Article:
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Letters and Manuscripts — Volume 14 (1899) - Contents
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    Ms 97, 1899

    The Minister and Physical Work


    July 24, 1899

    Portions of this manuscript are published in TDG 214; 2SM 196-197. +NoteOne or more typed copies of this document contain additional Ellen White handwritten interlineations which may be viewed at the main office of the Ellen G. White Estate.

    Useful physical labor is a part of the gospel. The great Teacher, when enshrouded in the pillar of cloud, gave direction that every youth should learn a trade. Thus the people would be enabled to earn their own bread. And knowing how hard it was to obtain money, they would not spend their means foolishly.14LtMs, Ms 97, 1899, par. 1

    Paul, the great apostle to the Gentiles, learned the trade of a tentmaker. There were higher and lower branches of tentmaking. Paul had learned the higher branches, and he could also work at the common branches when circumstances demanded. Tentmaking did not bring returns as quickly as some other lines of business, and at times it was only by the strictest economy that Paul could supply his necessities.14LtMs, Ms 97, 1899, par. 2

    Why did Paul thus connect mechanical labor with the preaching of the Gospel? Was not the laborer worthy of his hire? Why did he not spend all his time in preaching? Why waste time and strength in making tents? But Paul did not regard the time spent in making tents lost by any means. As he worked with Aquila, he kept in touch with the great Teacher. He gave Aquila needed instruction in spiritual things, and he also educated the believers in unity. While working at this trade he gave an example in diligence and thoroughness. He was diligent in business, fervent in spirit, serving the Lord. He and Aquila and Priscilla had more than one praise and prayer meeting with those associated with them in tentmaking. This was a testimony to the value of the truth they were presenting.14LtMs, Ms 97, 1899, par. 3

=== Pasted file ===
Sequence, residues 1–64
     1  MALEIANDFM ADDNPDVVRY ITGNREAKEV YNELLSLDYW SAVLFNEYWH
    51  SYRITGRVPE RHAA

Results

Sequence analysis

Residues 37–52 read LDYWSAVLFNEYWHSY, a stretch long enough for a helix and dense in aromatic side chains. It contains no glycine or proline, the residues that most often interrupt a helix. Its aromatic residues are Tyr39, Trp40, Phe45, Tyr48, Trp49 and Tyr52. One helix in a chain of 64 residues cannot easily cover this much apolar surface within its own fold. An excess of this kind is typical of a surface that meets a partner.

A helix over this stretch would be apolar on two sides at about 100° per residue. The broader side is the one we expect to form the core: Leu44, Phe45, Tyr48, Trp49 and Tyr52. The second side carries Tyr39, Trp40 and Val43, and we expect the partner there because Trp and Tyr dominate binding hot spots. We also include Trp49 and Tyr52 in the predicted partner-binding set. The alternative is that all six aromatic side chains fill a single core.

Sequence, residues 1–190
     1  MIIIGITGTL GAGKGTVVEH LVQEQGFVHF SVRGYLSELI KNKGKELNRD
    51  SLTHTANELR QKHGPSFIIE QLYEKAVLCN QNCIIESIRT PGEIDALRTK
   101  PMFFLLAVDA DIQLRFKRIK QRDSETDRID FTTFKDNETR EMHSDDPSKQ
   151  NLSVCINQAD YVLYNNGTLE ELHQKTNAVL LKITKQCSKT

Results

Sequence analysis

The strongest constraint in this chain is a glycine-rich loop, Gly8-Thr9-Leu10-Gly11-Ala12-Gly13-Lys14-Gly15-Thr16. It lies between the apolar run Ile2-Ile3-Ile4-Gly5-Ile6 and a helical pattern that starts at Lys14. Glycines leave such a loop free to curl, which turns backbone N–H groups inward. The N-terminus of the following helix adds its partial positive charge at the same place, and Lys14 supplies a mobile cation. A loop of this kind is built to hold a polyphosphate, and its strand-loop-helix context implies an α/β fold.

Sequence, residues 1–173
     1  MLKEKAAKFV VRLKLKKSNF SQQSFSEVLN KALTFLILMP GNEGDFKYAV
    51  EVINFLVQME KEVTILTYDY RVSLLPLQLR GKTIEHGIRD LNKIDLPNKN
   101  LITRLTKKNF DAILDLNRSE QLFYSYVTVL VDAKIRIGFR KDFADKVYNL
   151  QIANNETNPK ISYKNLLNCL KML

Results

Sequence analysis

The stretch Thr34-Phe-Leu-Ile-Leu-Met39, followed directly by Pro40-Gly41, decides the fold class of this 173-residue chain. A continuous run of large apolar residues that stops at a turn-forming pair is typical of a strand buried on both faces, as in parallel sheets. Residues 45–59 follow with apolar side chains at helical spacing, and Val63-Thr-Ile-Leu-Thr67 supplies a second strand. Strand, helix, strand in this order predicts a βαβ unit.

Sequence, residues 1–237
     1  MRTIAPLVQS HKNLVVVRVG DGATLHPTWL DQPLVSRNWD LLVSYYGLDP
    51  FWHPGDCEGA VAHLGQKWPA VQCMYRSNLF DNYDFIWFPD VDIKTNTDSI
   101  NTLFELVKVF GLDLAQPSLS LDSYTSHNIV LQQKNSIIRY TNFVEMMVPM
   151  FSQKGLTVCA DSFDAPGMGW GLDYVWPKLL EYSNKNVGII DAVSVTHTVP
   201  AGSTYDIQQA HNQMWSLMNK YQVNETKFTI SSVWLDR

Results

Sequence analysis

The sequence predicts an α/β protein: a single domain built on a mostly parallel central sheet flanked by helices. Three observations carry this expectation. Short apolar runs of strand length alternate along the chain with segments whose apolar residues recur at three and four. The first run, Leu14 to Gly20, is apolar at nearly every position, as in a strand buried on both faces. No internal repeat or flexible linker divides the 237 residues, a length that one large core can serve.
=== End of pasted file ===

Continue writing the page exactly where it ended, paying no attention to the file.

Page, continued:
Paul was an educator. He preached the gospel with his voice, and by intelligent labor he preached it with his hands. He educated others in the same way that he had been educated by one regarded as the wisest of human teachers. As Paul worked quickly and skillfully with his hands, he related to his fellow workers the specifications Christ had given Moses in regard to the building of the tabernacle, as found in the twenty-fourth, twenty-fifth, twenty-sixth, and twenty-seventh chapters of Exodus. He repeated chapter after chapter to them, for his own and their benefit. He taught that supreme honor is to be given to God. He told them that the skill, genius, and wisdom brought into the work of building the tabernacle were given by God, to be used for His glory. He repeated the communications from God to Moses found in Exodus 35:20-35, and 36:1-7.14LtMs, Ms 97, 1899, par. 4

    After leaving Philippi, Paul went to Thessalonica, on the sea coast. The history of his work there is recorded in the first and second chapters of first Thessalonians. He labored in the gospel and worked also with his hands. “We were gentle among you,” he writes, “even as a nurse cherisheth her children. So being affectionately desirous of you, we were willing to have imparted unto you, not the gospel of God only, but also our own souls, because ye were dear unto us. For ye remember, brethren, our labor and travail; for laboring night and day, because we would not be chargeable unto any of you, we preached unto you the gospel of God.” [1 Thessalonians 2:7-9.] He declares that if a man will not work, neither shall he eat, and by his own example he illustrates his teaching. He says, “Neither did we eat any man’s bread for nought; but wrought with labor and travail day and night, that we might not be chargeable to any of you.” [2 Thessalonians 3:8.]14LtMs, Ms 97, 1899, par. 5

    “And it came to pass, that, while Apollos was at Corinth, Paul having passed through the upper coasts came to Ephesus.” Here he remained three years and six months, “disputing and persuading the things concerning the kingdom of God.” [Acts 19:1, 8.] Here he toiled at his craft also.14LtMs, Ms 97, 1899, par. 6